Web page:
Information related to the relationship of coping mechanisms and resilience of agricultural educators and how these phenomena relate to burnout and stress of agricultural educators is difficult to find. This review seeks to determine where the gaps exist and to bring to the forefront the increasingly important characteristic of resilience that new teachers must possess in order to not only survive, but thrive in the constantly changing and dynamic world that is the contemporary educational system.
Purpose and Objectives
The purpose for this research synthesis was to introduce the concept of resilience to agricultural education and define how the phenomena of resilience can contribute to the study of agricultural educator stress and burnout. The research questions included:
1. What contemporary literature exists regarding agricultural educator stress and burnout?
2. What contemporary literature exists concerning teacher resilience?
3. How does the concept of teacher resilience inform what we know about agricultural educator stress and burnout?
Research syntheses are essential to the progression of a particular field of research because they are a collection of past research that is necessary for the systematic construction of knowledge. The necessity for these collections is heightened due to the ever-increasing level of specialization within the field of social science research (Cooper, 2010).
This research synthesis focused on the characteristic of teacher resilience as a dynamic of agricultural educator stress and burnout. Inclusion criteria for this synthesis included two categories: teacher resiliency and agricultural educator stress and/or burnout. Inclusion criteria for studies in the teacher resiliency category were: subjects included secondary educators and the primary focus of the study was to examine resiliency and/or effectiveness. Inclusion criteria for studies in the agricultural educator stress and/or burnout category were: subjects included secondary agricultural educators and the primary focus of the study was to examine stress or burnout in the educator. Studies from before the year 1999 were not considered for the synthesis in attempt to keep this review more contemporary and as a result of a natural break of several years lacking published research in the literature being found. Due to the limited amount of research in the area of teacher resiliency, no geographical restrictions were considered.
Research Synthesis and Meta-Analysis (Cooper, 2010) was consulted for search and inclusion methods. Search strategies included a comprehensive search of reference and citation databases using Google Scholar, Summon@MU, Merlin, WilsonWeb, ERIC, and PsychINFO. Reference lists of all studies considered in the synthesis were also searched. Keywords and phrases utilized in the search process included "teacher/educator resilien*," "agricultur* teacher/educator stress," and "agricultur* teacher/educator burnout". Articles that included the topics of stress, burnout and resiliency in relation to educators were printed to be analyzed. Also included in the search process were consultations with agricultural education faculty members.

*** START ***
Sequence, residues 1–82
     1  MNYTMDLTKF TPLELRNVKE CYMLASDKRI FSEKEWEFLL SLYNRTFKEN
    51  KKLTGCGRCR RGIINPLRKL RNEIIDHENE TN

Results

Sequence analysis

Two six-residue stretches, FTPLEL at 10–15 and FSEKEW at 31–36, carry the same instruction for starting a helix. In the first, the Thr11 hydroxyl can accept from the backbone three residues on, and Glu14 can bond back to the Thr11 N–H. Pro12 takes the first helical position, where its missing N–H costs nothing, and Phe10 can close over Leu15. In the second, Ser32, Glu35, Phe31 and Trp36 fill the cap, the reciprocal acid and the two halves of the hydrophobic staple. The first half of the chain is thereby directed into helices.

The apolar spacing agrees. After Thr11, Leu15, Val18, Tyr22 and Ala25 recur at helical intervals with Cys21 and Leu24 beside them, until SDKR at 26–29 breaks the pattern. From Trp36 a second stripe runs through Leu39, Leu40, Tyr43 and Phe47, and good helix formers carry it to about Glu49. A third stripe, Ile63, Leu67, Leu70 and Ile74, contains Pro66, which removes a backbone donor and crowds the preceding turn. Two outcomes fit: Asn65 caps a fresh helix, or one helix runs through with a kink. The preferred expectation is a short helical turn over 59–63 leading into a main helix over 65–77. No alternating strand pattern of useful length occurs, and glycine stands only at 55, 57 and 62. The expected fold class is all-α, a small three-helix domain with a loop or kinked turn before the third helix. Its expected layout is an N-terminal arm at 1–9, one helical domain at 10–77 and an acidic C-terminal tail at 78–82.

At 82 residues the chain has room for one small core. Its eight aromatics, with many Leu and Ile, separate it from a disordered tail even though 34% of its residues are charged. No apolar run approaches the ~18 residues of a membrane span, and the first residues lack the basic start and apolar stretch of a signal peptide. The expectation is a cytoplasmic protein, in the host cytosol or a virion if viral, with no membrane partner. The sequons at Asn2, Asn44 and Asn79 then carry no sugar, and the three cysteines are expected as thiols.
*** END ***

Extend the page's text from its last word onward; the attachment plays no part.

Upon completion of the comprehensive search on teacher resiliency and agricultural educator burnout and stress many books, dissertations, theses, articles, and conference proceedings were examined. Seven articles were selected belonging to the category of teacher resilience and nine articles were chosen to fill the agricultural educator burnout and stress category for a total of 16 articles to be used for analysis. Limitations to this review include the narrow focus on articles regarding specifically secondary agricultural educators, therefore findings should not be generalized beyond that group.
From Stress to Burnout
Figure 1 displays a summary of literature on agricultural educator stress and burnout. Agriculture teachers are at a high risk for teacher burnout as a result of the many extra responsibilities that they were assigned, such as coaching career development event teams, supervising student projects outside of the classroom, preparation of lesson plans, and student evaluation (Straquadine, 1990). Croom (2003) identified that agriculture teachers experience work related emotional exhaustion with younger teachers experiencing higher levels of depersonalization. Teaching is a profession in which there are ups and downs on a daily basis leading to an almost constant exposure to stress.
Several factors were indicated in agricultural educators as stressors and ultimately causes of burnout. Indicators of burnout found to be displayed in agricultural educators were moderate levels of emotional exhaustion (Chenevey, Ewing, & Whittington, 2008; Croom, 2003). Precursors to burnout in the agricultural educator were found to be: high levels of emotional exhaustion, high levels of occupational stress, and high levels of personal strain (Chenevey, et al., 2008). Sources of stress for agricultural educators included: classroom management and student discipline, time management and work-life balance, occupational competence, program budgets and finances, working overtime, sex of teacher, work load, and lack of colleague and administrator support (Anderson, 2010; Mundt & Connors, 1999; Torres, et al., 2009; Torres, et al., 2008; Walker, et al., 2004). Factors found to decrease levels of burnout and in turn increase retention included: monetary benefits (salary, retirement, and insurance), adequate materials and facilities, positive work climate, administrator and colleague support, adequate time allotted for job responsibilities, advancement and security, and factors internal to the teacher such as inner sense of competence and effectiveness through observing student success (Morris, 2006; Walker, et al., 2004).